Handcuffing pregnant prisoners during delivery could be banned in Ohio

Bill would ban shackling pregnant Ohio prisoners delivering babies

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Handcuffing or restraining women during pregnancy, labor and delivery and postpartum recovery by police, courts or prisons would be an interference of civil rights, according to Senate Bill 18. Putting pregnant or postpartum women in solitary confinement would also be prohibited.

The legislation provides for exceptions in cases where the woman presents a serious threat or flight risk.

Restraints would be allowed if the official notifies the doctor or health care professional treating the woman. The professional may object to the restraints if it poses a risk of physical harm to the woman or baby.

The American Medical Association calls shackling women while they’re birthing babies “a barbaric practice that needlessly inflicts excruciating pain and humiliation.”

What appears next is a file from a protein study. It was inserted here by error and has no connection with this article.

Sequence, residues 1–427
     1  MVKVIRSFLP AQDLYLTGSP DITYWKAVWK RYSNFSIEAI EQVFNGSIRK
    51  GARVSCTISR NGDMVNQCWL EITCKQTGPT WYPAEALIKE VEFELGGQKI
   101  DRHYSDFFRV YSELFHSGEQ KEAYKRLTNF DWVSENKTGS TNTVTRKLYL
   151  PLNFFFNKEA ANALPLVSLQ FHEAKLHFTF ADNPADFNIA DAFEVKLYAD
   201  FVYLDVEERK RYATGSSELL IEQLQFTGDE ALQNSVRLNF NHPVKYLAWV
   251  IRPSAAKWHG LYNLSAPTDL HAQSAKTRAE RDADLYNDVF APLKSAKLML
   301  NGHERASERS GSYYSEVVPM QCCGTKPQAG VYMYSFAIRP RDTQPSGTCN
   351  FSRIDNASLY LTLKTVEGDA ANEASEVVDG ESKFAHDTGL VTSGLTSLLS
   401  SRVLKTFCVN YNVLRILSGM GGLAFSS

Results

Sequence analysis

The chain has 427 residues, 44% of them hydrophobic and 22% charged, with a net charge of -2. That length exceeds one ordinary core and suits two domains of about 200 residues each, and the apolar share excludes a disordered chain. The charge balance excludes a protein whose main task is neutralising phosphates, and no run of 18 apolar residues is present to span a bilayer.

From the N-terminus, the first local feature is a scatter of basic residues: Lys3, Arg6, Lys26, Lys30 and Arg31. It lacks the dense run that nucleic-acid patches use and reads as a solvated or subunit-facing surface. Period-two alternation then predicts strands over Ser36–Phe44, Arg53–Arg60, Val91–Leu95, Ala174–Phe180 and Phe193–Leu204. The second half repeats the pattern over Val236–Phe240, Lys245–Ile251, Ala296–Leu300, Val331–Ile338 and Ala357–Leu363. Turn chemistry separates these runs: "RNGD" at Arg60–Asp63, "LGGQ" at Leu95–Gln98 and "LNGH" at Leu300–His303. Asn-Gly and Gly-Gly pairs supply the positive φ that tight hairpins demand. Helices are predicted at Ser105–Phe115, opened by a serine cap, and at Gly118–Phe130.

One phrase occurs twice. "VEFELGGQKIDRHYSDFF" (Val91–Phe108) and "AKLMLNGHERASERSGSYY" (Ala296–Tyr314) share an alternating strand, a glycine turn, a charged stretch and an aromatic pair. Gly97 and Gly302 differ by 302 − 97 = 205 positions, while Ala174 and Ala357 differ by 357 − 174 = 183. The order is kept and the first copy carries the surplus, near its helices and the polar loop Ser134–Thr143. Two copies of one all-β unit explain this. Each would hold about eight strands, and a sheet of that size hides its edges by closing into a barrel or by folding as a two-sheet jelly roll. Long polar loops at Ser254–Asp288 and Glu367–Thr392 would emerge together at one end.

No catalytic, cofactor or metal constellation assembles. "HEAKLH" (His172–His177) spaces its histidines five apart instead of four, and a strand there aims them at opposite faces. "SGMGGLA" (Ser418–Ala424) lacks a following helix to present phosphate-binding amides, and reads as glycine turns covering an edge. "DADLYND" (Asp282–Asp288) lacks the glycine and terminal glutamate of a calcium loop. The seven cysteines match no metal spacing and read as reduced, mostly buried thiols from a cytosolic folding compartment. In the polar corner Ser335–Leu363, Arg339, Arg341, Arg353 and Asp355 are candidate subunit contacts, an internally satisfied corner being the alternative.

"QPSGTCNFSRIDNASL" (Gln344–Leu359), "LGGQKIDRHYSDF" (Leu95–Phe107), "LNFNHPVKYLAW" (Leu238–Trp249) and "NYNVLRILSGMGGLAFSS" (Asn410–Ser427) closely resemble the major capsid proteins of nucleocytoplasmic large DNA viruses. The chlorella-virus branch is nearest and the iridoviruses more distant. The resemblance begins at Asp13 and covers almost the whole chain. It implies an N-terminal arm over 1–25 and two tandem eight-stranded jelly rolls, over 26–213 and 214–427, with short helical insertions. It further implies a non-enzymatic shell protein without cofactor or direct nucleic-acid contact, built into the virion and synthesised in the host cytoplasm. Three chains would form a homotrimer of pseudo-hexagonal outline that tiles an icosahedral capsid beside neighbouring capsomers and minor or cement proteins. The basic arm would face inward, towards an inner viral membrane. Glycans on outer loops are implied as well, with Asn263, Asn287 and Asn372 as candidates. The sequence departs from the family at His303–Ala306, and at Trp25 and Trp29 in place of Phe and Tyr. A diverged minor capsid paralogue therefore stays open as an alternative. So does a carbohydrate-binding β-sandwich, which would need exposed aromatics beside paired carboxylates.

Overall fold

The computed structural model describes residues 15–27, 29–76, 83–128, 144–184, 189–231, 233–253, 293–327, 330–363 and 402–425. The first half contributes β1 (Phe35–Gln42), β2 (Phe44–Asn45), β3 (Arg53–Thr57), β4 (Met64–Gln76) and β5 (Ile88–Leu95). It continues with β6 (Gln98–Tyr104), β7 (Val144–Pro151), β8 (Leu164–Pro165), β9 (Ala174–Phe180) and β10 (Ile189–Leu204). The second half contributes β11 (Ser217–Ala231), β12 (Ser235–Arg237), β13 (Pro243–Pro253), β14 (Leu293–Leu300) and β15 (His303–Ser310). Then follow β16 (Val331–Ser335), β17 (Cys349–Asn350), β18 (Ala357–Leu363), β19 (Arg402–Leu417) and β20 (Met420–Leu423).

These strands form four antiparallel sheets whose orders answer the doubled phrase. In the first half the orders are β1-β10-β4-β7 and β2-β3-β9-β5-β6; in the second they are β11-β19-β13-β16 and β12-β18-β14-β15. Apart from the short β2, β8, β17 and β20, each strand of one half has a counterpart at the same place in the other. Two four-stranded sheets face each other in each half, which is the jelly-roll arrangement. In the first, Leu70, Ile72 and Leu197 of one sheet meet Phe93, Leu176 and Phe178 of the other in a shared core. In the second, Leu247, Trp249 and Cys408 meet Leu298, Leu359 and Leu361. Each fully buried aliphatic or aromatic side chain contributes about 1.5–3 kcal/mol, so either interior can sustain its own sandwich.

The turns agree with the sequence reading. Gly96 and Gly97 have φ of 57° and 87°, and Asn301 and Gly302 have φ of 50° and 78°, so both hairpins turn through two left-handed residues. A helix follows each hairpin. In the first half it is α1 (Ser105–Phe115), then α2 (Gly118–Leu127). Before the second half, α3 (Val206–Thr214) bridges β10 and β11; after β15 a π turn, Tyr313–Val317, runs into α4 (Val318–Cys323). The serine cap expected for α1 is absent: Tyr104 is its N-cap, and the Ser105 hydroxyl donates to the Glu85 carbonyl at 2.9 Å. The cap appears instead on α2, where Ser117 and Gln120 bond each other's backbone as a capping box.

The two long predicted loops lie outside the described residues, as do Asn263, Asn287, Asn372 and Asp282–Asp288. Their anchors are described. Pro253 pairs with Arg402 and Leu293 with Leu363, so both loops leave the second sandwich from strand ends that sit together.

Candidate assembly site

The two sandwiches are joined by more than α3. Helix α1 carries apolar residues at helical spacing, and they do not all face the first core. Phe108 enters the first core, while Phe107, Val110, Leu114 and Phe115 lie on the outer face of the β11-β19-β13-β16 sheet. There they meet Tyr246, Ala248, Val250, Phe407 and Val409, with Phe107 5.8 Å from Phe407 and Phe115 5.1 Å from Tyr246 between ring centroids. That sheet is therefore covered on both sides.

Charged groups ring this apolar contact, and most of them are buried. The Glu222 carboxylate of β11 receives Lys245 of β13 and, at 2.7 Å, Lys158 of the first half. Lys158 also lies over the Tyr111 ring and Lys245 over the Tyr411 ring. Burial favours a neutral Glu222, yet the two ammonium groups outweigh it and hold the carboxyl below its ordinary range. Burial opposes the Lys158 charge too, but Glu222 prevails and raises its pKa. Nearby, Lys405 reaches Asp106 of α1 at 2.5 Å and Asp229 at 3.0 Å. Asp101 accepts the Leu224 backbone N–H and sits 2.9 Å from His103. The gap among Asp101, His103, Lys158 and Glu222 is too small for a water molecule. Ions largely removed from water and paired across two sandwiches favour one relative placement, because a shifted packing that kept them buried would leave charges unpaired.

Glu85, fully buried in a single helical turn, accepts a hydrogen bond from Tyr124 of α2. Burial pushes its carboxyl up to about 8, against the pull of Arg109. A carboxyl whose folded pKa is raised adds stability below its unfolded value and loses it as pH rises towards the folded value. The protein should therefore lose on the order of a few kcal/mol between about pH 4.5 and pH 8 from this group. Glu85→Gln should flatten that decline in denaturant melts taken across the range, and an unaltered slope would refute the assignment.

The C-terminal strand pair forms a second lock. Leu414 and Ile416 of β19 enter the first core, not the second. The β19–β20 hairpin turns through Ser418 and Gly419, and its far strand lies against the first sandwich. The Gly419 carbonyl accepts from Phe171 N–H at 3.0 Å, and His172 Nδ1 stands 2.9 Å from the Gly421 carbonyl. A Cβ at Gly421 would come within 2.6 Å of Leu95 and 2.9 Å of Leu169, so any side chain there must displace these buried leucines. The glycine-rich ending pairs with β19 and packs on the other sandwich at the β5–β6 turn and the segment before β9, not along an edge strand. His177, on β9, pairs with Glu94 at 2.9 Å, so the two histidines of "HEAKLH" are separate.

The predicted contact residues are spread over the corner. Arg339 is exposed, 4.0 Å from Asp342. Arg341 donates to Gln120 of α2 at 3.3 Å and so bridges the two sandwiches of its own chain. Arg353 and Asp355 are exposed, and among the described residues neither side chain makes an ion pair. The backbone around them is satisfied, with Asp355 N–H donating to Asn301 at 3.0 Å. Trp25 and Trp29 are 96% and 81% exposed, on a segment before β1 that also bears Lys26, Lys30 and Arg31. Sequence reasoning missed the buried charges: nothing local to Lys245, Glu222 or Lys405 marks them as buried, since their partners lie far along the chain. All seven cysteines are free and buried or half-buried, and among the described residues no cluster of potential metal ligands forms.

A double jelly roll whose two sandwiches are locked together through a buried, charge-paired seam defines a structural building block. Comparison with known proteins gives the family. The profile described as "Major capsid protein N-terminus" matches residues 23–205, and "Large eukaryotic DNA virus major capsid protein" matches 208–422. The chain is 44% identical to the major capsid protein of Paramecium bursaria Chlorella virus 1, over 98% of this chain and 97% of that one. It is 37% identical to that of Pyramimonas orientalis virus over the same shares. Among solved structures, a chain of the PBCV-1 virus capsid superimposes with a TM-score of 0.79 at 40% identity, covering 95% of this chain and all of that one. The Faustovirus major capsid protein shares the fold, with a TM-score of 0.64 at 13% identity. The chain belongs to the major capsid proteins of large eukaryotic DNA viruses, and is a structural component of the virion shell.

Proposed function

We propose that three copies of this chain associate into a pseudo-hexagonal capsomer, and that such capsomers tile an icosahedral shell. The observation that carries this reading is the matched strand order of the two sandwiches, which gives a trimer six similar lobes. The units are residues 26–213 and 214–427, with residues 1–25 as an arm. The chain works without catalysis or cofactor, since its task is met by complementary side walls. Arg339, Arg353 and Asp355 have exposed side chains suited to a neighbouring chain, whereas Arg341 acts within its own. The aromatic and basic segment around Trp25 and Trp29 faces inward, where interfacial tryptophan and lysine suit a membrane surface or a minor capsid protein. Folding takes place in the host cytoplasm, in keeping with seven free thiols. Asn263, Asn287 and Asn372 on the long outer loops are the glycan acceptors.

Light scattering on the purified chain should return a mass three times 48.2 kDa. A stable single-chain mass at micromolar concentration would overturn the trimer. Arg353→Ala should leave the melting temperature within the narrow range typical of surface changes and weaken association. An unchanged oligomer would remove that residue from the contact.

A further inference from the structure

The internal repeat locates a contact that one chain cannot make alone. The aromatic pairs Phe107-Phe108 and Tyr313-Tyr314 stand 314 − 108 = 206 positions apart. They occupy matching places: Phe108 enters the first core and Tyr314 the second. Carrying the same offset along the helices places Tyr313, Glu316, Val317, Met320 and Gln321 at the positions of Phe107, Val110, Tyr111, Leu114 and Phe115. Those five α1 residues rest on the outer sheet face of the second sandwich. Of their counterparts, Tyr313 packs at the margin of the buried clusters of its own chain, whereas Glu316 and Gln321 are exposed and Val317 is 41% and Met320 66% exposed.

In written testimony, Lehner and co-sponsor state Sen. Nickie Antonio, D-Lakewood, said shackling pregnant women puts them at risk of falling and doing so during labor and delivery can delay medical care.

“This legislation is the first step to ensuring incarcerated women in Ohio are given the dignity, health and safety they deserve,” the senators said.

In January, President Donald Trump signed bipartisan criminal justice legislation that includes a prohibition of shacking pregnant prisoners in federal custody.

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